Morales opponents to seek ex-president's election disqualification

2 min

La Paz (AFP)

Opponents of former Bolivia president Evo Morales said on Wednesday they will appeal the socialist leader's bid to run for a senate seat in May's general election.

Morales, 60, was registered as a senate candidate by his Movement for Socialism (MAS) party ahead of Monday's deadline.

The electoral court is due to announce next Monday which election candidates have qualified.

But Morales's opponents say that his current exile in Argentina should disqualify him from standing.

"We're going to contest his registration because it's clear that Evo Morales doesn't live in the country," said conservative senator Oscar Ortiz, a presidential candidate in October.

He said the constitution obliges legislature candidates to be living for at least two years in the region they stand for.

MAS registered Morales as a candidate in the central Cochabamba department -- a hotbed of support for the party led by the country's first ever indigenous president.

Morales fled Bolivia on November 10 after resigning as president following three weeks of at times violent protests against his controversial re-election in a poll the Organization of American States said was rigged.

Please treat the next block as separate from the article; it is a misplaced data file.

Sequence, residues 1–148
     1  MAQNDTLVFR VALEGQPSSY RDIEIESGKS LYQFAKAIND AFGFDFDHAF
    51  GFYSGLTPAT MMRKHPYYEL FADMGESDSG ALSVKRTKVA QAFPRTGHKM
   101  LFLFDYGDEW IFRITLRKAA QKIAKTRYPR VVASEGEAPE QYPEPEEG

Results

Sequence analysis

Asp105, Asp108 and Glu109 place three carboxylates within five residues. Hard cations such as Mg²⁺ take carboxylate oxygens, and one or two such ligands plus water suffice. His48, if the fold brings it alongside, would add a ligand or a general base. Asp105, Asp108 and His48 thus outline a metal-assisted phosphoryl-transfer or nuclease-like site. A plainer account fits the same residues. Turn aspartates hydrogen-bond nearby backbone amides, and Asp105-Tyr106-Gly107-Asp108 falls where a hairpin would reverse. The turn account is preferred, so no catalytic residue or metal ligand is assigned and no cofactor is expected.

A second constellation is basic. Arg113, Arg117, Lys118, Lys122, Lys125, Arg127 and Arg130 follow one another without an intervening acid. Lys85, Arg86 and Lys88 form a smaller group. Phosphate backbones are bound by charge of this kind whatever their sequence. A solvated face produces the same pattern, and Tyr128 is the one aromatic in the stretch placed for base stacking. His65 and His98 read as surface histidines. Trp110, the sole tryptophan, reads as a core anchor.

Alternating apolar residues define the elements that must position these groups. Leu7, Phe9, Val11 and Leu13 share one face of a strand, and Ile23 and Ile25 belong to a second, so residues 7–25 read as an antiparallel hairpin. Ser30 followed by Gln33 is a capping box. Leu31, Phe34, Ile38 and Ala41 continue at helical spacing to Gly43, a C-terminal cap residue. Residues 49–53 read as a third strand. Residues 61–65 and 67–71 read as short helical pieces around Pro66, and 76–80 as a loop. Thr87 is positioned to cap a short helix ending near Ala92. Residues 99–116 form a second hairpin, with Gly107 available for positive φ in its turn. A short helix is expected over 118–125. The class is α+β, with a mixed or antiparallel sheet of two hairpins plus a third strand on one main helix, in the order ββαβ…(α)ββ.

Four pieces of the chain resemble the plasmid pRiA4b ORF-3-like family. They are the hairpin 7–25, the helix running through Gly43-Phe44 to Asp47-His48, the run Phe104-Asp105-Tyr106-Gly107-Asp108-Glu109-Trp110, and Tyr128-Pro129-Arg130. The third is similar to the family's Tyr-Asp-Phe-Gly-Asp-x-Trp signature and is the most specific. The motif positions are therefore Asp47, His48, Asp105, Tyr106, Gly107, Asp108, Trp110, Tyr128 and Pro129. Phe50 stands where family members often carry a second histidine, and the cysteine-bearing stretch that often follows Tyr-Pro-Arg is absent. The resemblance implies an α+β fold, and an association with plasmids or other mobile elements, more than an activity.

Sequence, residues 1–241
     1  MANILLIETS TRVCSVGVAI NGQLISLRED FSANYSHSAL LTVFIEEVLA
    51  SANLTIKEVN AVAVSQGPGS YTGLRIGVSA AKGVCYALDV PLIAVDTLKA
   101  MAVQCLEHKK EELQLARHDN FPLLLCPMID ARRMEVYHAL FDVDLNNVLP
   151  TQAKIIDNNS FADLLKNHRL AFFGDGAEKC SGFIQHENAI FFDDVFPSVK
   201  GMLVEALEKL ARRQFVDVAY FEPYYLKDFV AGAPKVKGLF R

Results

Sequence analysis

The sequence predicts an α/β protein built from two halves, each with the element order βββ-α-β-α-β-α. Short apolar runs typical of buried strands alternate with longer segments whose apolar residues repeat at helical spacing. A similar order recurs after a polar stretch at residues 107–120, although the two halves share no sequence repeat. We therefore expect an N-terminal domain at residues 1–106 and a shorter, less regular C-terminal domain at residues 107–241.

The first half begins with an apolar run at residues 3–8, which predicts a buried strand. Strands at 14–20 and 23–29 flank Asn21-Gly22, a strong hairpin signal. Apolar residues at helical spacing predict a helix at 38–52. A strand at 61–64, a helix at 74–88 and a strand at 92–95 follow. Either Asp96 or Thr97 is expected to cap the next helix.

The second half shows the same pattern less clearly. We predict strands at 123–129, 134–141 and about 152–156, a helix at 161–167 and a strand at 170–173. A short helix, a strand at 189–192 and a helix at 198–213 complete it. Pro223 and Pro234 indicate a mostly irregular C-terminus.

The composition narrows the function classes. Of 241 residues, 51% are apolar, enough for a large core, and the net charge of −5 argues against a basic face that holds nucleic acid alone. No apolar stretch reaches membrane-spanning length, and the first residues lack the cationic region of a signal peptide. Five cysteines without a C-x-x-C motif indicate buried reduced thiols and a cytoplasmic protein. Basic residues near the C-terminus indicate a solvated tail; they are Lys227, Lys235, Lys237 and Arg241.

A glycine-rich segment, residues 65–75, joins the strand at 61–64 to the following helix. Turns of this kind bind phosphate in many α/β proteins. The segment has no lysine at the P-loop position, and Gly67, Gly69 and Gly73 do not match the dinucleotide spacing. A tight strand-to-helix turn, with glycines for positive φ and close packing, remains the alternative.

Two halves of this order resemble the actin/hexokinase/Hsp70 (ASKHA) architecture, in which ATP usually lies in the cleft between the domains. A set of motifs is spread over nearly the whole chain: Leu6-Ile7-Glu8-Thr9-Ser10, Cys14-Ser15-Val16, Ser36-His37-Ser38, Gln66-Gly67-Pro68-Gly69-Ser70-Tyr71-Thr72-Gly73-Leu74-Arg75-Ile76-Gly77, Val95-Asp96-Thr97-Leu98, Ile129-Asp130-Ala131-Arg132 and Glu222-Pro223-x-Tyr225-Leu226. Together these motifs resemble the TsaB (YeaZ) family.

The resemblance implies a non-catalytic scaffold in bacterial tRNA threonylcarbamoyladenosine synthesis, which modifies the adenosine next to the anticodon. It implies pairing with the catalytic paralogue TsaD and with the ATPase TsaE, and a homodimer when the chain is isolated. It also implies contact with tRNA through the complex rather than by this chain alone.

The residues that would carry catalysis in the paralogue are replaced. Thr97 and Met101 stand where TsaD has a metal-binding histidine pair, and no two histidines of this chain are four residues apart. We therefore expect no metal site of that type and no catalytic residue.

But even before leaving the country, Morales lived in La Paz for his nearly 14 years as president, and not in the Cochabamba department where he made his name as the leader of a coca growers' union.

"According to the law, he is not, nor can be a candidate, he's disqualified because the constitution prohibits it," said Juan Flores, a community leader in Cochabamba and Morales opponent.

In addition to a new president, Bolivians will elect 36 senators and 120 deputies on May 3.

If there is no outright winner for the presidency, a run-off will be held on June 14.

Morales is barred from standing for president and faces an arrest warrant should he return to Bolivia.

The government of interim President Jeanine Anez has accused him of sedition and terrorism over an audio recording in which he allegedly urges his supporters to lay siege to La Paz and other major cities.

Bolivia's constitution limits a president to two successive terms but in October's election, Morales stood for a fourth consecutive mandate.

His opponents accused him of using his position to trample on democracy.